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Adirondack style chair in sweet chestnut

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Eight years ago, I made an Adirondack style chair, using some nice oak I bought at Westonbirt Arboretum. I copied the design of a commercially made cedar chair and wrote up the project here.

The oak chair is still looking fine but the cedar one is decidedly scruffy and uninviting. It's time to make another one. As far as I know, the Friends of Westonbirt can't offer wood for sale at present, while they pursue a big building project. So a trip to a sawmill was in order.

I'd read about Wentwood Timber Centre on here before and thought it sounded interesting. (See post1181307.html#p1181307 in Neil's useful list of timber suppliers.) It's a smallish operation selling native hardwoods. I went and had a look.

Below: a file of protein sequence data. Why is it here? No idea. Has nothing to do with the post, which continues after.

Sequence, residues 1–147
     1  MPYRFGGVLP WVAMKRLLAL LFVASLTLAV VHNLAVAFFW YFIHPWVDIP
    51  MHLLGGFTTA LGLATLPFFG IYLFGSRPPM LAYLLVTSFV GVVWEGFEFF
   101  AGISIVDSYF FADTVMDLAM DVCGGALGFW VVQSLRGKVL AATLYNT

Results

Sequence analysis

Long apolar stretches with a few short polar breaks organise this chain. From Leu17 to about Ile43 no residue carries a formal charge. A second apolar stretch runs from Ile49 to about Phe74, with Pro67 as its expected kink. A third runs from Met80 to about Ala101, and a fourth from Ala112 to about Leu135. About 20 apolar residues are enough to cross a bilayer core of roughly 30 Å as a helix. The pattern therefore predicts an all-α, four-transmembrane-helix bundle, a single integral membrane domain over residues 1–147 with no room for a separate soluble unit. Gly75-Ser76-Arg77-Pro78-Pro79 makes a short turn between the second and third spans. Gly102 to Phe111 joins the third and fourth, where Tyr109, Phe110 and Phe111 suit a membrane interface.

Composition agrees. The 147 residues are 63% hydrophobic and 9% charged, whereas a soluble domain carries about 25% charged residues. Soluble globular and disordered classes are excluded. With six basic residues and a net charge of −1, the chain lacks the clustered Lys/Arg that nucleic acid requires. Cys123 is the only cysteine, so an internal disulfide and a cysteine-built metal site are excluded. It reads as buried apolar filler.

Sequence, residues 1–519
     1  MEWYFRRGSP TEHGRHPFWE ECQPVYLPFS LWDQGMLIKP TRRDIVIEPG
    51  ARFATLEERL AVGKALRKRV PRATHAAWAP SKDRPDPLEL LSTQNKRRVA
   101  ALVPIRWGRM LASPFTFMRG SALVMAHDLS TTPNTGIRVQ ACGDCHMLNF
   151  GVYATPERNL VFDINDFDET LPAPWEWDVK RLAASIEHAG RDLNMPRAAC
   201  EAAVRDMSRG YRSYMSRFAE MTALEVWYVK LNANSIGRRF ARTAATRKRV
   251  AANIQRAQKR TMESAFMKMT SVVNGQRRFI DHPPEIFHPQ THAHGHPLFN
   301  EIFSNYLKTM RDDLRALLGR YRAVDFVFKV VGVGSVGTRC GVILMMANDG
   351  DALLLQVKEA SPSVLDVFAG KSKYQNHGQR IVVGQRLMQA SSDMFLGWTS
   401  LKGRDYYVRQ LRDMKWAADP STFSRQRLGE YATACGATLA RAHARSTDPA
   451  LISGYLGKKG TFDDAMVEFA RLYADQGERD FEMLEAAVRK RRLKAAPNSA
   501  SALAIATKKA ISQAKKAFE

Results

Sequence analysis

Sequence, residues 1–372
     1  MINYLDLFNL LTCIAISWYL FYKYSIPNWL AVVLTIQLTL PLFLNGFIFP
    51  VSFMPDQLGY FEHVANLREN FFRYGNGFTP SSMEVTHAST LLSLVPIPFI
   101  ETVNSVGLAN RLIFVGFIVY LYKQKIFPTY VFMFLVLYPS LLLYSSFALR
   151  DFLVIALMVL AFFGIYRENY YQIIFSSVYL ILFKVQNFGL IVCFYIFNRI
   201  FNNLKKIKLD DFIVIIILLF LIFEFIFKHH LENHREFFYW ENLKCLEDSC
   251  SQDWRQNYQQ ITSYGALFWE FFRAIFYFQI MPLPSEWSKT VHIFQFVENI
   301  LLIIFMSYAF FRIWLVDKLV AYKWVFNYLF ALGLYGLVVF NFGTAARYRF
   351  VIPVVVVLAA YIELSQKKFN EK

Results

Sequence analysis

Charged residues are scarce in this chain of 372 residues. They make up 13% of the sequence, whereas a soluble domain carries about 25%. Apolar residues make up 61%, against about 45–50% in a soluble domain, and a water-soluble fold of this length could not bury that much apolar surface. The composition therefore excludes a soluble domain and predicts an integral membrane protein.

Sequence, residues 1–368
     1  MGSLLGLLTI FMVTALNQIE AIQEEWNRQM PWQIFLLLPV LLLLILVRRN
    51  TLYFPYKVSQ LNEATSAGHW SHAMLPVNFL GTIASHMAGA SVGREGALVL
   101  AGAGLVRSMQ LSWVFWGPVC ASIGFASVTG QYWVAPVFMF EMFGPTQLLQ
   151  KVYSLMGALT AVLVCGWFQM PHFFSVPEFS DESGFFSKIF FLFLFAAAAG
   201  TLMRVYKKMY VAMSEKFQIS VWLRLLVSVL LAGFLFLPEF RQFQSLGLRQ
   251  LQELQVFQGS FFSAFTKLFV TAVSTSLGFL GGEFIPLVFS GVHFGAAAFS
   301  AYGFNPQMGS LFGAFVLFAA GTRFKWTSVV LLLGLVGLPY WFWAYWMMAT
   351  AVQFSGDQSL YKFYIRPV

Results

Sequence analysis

It's not hard to find if you follow their clear directions - from Bristol you go over the bridge to Chepstow then turn right off the A48.

It's a friendly place and well set up for the hobby woodworker. They have an old office building with a number of rooms, each of which has a selection of seasoned boards in it. They are arranged by species and thickness, planed on one side and individually priced. You are completely free to take as long as you want, examining all the stock and picking out what you need. On a Tuesday morning, I was the only customer, though some more people arrived as I was leaving.

I liked this, as I find it quite challenging working out how much wood I need. I went armed with a cutting list, but as it's impossible to say in advance how many pieces each board will yield, I needed some time to satisfy myself that I was buying enough, without buying lots more than I wanted.

The selection of species and widths is quite wide, but this does mean that the number of boards of each type is quite low. I was undecided whether to buy oak or chestnut but there weren't enough inch thick oak boards. If you visited just after me you might not have found enough chestnut!

This is one side of the room with sweet chestnut in.